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A major impetus for Arabic science was the patronage of the Abbasidcaliphate (758–1258), centered in Baghdad. Early Abbasid rulers,such as Harun al-Rashid (ruled 786–809) and his successorAbū Jaʿfar Abdullāh al-Ma’mūn (ruled813–833), were significant patrons of Arabic science. The formerfounded the Bayt al-Hikma (House of Wisdom), whichcommissioned translations of major works by Aristotle, Galen, and manyPersian and Indian scholars into Arabic. It was cosmopolitan in itsoutlook, employing astronomers, mathematicians, and physicians fromabroad, including Indian mathematicians and Nestorian (Christian)astronomers. Throughout the Arabic world, public libraries attached tomosques provided access to a vast compendium of knowledge, whichspread Islam, Greek philosophy, and Arabic science. The use of acommon language (Arabic), as well as common religious and politicalinstitutions and flourishing trade relations encouraged the spread ofscientific ideas throughout the empire. Some of this transmission wasinformal, e.g., correspondence between like-minded people (see Dhanani2002), some formal, e.g., in hospitals where students learned aboutmedicine in a practical, master-apprentice setting, and inastronomical observatories and academies. The decline and fall of theAbbasid caliphate dealt a blow to Arabic science, but it remainsunclear why it ultimately stagnated, and why it did not experiencesomething analogous to the scientific revolution in WesternEurope.

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The issue, however, may not be as straightforward as this. The genetics of population differences are such that the claim that Africans are innately less intelligent than Europeans is scientifically meaningless. Suppose, though, that there really were group differences in an attribute such as intelligence, differences that could be linked directly to genetic variation. Would that be reason to ban such research? I do not believe it would. For here again the issue at stake is not the scientific research but the political consequences of such research.

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A good analogy is with the debate about Darwinism in the late nineteenth and early twentieth centuries. Many turned their backs on Darwin's theory of evolution because of their worries about the implications of social Darwinism. 'By paralysing the hope of reform', wrote the Creationist William Jennings Bryan, who led the prosecution of the teacher John Scopes in the famous 'monkey trial' in Tennessee in 1925, Darwinism 'discourages those who labor for the improvement of man's conditions'. Its 'only program for man is scientific breeding, a system under which a few supposedly superior intellects, self-appointed, would direct the mating and movements of the mass of mankind'. Far from undermining the claims of social Darwinism, embracing Creationism would only have helped further entrench the climate of unreason in which reactionary ideas flourish. Social Darwinism had eventually to be challenged politically, not by denying the truth of evolutionary science. The same is true today of any social arguments drawn from scientific studies of group differences.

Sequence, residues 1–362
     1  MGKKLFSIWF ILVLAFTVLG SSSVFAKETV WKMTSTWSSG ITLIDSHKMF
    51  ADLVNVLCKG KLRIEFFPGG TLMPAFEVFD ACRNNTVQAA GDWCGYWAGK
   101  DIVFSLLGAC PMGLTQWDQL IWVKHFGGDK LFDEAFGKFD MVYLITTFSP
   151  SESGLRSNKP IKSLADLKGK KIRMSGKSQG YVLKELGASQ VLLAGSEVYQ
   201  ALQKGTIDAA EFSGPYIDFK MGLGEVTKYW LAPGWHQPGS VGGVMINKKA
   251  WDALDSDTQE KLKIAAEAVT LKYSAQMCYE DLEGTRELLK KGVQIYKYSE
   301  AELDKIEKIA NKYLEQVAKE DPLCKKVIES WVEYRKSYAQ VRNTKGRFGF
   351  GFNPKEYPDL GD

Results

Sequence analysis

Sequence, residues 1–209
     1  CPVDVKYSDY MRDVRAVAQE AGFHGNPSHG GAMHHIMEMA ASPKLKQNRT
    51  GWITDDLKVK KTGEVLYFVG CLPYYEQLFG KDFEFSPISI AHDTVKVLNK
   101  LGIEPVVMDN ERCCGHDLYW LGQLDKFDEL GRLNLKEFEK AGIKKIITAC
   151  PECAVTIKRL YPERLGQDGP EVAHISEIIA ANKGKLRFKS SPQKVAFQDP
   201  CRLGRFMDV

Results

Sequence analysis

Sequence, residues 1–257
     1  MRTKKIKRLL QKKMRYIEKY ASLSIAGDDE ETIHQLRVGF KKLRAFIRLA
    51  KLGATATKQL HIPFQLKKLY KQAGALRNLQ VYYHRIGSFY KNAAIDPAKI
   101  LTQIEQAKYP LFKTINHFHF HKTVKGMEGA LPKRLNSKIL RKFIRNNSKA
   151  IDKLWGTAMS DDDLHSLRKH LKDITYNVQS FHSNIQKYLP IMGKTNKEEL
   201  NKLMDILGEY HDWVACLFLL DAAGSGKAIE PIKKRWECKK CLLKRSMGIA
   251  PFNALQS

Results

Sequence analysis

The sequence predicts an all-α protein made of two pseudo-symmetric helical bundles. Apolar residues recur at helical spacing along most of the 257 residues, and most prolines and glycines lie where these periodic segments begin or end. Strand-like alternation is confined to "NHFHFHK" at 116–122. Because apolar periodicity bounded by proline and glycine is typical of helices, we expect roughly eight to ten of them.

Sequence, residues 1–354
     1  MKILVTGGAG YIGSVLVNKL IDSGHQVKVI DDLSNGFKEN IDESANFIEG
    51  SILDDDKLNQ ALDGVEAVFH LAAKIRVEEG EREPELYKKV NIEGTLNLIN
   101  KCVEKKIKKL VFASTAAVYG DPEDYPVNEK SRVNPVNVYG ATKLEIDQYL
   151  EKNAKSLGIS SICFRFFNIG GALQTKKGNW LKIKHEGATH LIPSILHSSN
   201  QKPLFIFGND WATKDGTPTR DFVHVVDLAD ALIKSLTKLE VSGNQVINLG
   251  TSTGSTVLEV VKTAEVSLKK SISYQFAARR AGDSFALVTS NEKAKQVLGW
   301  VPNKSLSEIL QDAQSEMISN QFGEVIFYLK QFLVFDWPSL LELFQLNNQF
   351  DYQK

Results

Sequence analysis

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Categories such as 'African American', 'people of Asian descent' and 'Ashkenazi Jew' can be important in medical research not because they are natural races but because they are social representations of certain aspects of genetic variation. This is why race is a 'poor man's clue' in medicine: races may not be natural divisions of humankind but socially defined populations provide, nevertheless, a rough and ready means of dividing humans into groups that show different degrees of biological relatedness. The irony is that in order to study human genetic diversity, scientists need socially defined categories of difference. The danger is that by using socially defined groups in research, biologists will endow differences between such groups with greater importance than is warranted.

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reason that John Harvard left his library to the college in Cambridge,
Massachusetts, that Jane and Leland Stanford founded Stanford University, and
that states established land-grant colleges was to educate cultured and
useful citizens. The humanities provide an insightful understanding into
moral, ethical, political, and ideological forces. A successful society
depends upon altruism, charity, civility, compassion, and generosity,
and the humanities evaluate and emphasize the importance of these
characteristics. The liberal arts introduce aesthetic values to the
student. While it may not be obvious how these characteristics are essential to
finding a research position in academia or industry, they are key to a
full and meaningful life.

2. Studying the humanities allows you to become familiar with and use the creative ideas from great minds outside of science.

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For example, a classic case that
demonstrates the influence of humanities on science can be seen in
Charles Darwin’s development of the theory of evolution by natural
selection. In his , his autobiography,
and other writings, Darwin revealed that the principal insight that led
to his theory of evolution was his knowledge of Malthus’ population
theory. This states that populations increase geometrically while
food supplies grow arithmetically. Robert Young, who carefully traced
this link in his 1969 publication, ,
points out that assumptions in the humanities about human nature and
society contribute fundamentally to approaches taken in the scientific
study of nature.